Lotus Pond at Naukuchiatal – Kumaon
There is a small lotus pond next to Naukuchia Tal. It was full of Lotus plants. I missed visiting it in the morning, when it must be full of flowers – most of them looked like pink or white lotus but then who knows. Colorful kingfishers added to the mystique of this pond. A poster near the lake clearly said – No plucking of flowers.
Since it was evening time, we saw visitors boating and zorbing in the Naukuchiatal. However, what I enjoyed the most was after sundown the operators were carefully deflating their zorbing balloon. Some visitors were taking horse rides while others were enjoying hit Maggie plates.
As per legends, Naukuchiatal is associated with Lord Brahma and even has a temple dedicated to him.
Roads around Naukuchia Tal are relatively free of traffic so you can walk easily in the shadow of thick trees all around the lake.
Hanuman Statue at Bhakti Dham – Naukuchiatal
Close to Naukuchia Tal is a giant statue of Hanuman – you just cannot miss it for its massive size. When you stop to look a closer look at it, you would see that it is a part of the temple complex called Shri Bhakti Dham that houses many temples dedicated to Durga, Neem Karoli Baba and many other deities.
Sattal – Lakes in Kumaon
Sattal is a group of 7 lakes as the name rightly indicates. These lakes are:
- Hanuman Lake
- Ram Lake
- Sita Lake
- Lakshman Lake
- Bharat Lake
- Garuda Lake
- Nal Damyanti Lake
As is evident from the names of these lakes, it is believed that Ram, Lakshman & Sita came here during their exile and lived close to these lakes.
What is interesting about these 7 lakes called Sattal is that they are all freshwater lakes and they are all interconnected to each other. No wonder, their name is always taken together as if they are seven bowls fed by the same source. Surrounded by tall trees like those of Oak and Pine, these lakes present the pristine nature.
Nal Damyanti Lake
Located about 2 km or so from Bhimtal is this small but sacred lake called – Nal Damyanti Lake. It is said that the Nal of Nal-Damyanti story was lost here near this lake.
You have to go down the hill to reach this lake. There is a proper ramp for you to walk to the lake. To me, it looks like a small tank with concrete steps all around it. Fishing, bathing and doing any other thing that can harm the lake like throwing garbage is strictly prohibited.
I walked around the small lake and tried to imagine it as part of the epic story – I was lost. I wish the thousands of fishes in the lake could tell me the story as they heard it from their ancestors.
Other Lakes of Sattal
We walked around the Hanuman Lake and Ram Lake – the two most accessible lakes by road. There is a walking path that goes around the lakes where you can take leisurely walks.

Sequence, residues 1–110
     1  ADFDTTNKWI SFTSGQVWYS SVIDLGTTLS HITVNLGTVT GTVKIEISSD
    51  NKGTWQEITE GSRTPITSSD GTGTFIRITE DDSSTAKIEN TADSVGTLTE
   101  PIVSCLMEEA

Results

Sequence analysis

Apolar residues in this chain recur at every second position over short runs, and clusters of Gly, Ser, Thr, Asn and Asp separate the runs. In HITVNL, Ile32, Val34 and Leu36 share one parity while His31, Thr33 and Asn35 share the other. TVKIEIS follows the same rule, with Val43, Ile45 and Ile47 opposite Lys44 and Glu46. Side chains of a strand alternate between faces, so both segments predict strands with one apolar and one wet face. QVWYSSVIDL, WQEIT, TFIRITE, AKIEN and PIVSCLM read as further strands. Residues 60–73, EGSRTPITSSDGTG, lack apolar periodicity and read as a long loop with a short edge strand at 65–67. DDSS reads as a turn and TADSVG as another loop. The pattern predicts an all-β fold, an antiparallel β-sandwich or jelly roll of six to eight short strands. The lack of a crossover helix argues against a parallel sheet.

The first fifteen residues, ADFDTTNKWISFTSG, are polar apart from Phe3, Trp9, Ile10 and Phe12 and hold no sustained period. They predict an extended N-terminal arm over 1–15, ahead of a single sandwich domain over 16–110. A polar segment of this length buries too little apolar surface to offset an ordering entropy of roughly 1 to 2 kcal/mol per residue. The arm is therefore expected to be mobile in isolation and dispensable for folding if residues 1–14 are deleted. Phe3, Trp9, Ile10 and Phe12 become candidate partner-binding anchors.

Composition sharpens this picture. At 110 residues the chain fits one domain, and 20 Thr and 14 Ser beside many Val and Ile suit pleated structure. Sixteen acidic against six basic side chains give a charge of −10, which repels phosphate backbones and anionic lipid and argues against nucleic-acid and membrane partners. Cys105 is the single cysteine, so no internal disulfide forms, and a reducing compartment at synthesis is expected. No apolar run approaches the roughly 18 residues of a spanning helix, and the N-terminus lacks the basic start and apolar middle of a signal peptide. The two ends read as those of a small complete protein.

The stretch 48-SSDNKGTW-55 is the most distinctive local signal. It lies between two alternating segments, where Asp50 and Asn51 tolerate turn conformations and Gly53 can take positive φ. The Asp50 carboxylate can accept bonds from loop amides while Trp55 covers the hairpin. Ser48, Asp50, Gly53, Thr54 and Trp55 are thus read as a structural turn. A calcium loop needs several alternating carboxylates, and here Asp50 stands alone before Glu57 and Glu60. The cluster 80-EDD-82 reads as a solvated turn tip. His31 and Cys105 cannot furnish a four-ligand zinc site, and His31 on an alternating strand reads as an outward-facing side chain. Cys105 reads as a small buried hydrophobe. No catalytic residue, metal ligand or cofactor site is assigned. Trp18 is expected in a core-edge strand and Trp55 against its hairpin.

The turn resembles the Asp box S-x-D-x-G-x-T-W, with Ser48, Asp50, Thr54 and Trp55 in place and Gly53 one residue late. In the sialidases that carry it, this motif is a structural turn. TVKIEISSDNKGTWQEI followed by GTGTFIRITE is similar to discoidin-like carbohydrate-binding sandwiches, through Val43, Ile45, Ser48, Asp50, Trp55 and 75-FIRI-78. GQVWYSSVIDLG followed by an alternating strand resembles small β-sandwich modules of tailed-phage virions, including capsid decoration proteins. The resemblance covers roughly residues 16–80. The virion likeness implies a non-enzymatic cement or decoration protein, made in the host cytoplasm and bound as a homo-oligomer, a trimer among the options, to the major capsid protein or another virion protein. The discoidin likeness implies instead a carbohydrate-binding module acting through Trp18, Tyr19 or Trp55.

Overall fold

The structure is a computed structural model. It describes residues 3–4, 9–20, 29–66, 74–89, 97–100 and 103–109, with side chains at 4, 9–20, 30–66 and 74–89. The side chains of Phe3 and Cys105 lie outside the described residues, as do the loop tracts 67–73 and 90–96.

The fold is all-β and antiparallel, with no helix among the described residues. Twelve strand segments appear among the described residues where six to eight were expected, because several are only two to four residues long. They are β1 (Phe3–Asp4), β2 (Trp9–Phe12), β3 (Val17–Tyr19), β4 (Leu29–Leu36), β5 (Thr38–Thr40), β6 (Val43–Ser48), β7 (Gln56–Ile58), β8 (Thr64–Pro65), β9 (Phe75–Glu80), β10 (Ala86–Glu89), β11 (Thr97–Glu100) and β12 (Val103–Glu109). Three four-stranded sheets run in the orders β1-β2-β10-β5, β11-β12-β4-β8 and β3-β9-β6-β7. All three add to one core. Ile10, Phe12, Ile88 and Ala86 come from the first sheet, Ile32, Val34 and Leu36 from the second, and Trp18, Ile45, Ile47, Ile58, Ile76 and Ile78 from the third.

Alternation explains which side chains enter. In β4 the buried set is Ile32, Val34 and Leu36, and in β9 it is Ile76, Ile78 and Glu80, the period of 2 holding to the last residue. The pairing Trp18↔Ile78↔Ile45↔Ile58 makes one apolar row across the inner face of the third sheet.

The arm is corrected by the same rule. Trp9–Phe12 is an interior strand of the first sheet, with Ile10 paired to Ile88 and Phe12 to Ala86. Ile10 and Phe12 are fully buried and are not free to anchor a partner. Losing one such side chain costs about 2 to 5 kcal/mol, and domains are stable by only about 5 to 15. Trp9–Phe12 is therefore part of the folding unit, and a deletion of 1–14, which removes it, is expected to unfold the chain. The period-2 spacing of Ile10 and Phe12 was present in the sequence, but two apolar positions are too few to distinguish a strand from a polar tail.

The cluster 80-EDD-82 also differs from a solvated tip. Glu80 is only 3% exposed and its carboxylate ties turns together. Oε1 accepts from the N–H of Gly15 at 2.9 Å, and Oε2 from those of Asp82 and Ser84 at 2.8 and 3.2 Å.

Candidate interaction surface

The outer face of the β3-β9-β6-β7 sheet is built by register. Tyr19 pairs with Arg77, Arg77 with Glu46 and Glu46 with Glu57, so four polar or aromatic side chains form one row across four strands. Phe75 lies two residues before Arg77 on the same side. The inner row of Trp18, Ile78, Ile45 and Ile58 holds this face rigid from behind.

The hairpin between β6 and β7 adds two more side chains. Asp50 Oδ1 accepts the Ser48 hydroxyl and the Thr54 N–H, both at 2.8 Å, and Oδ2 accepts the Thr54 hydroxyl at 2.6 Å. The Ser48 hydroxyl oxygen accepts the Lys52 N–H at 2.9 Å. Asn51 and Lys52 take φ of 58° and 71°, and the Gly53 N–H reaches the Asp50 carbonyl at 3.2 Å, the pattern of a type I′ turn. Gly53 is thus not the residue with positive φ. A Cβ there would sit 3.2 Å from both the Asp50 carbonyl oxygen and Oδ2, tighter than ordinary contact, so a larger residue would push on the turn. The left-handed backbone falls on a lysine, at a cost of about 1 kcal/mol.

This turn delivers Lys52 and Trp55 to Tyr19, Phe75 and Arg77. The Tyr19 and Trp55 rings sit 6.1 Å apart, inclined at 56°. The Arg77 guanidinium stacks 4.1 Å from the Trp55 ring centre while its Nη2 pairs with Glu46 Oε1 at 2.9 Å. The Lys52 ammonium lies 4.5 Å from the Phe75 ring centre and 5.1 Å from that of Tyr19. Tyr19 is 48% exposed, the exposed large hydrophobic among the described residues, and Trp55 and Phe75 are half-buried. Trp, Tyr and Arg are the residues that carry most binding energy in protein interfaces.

Our first rendezvous was with lemon juice sellers, followed by a series of restaurants offering lunch as well as boating in the lake. We decided to first go around the lakes and then come back for lunch.
A lot of tourists lined up for a small zip line across the lake. It was fun to watch them scream and enjoy as the operators dipped them in the waters of the lake from a height.
Now, you get normal North Indian food at the restaurants here. You must try the Thandi Kheer or the cold rice pudding that they serve here. It is just out of the world and perfect for hill holidays.
Garuda Tal view
The Garuda Tal can be seen from the road – as an aquamarine bowl sitting in the valley surrounded by tall trees. For other 3 lakes, you have to take the boat ride as they are hidden from the road route. Walking around all these lakes was simply therapeutic.
Walking around all these lakes was simply therapeutic. It was like returning to nature – that must have been our natural place to be in, back in time. They call this area Dev Bhoomi. When you are there, you do feel that Rishis must have meditated here for eons. For where else would you find a better place to meditate – located between the fertile plains on one side and the pristine Himalayas on another. This has to be the place closest to heaven.
Travel Tips for Lakes of Kumaon
- There are ample hotels available at Bhimtal, Naukuchiatal, and Sattal. The best-located properties are that of Kumaon Vikas Mandal Nigam (KMVN) though can’t say the same about their maintenance or service. I wish Kumaon tourism and Uttarakhand tourism takes steps to maintain them better.
- There are all kinds of Private hotels in Bhimtal and other lakes suitable for all kinds of budgets.
- Restaurants are limited but they all offer simple fresh food.
- Being a popular tourist spot, all kinds of tourist activities and facilities are available here.
- Closest Railway Station is 35 km away at Kathgodam that is well connected with Delhi.
- Roads are good for a road trip from Delhi to Kumaon.
Recommend you read following travel blog on places to visit in Uttarakhand.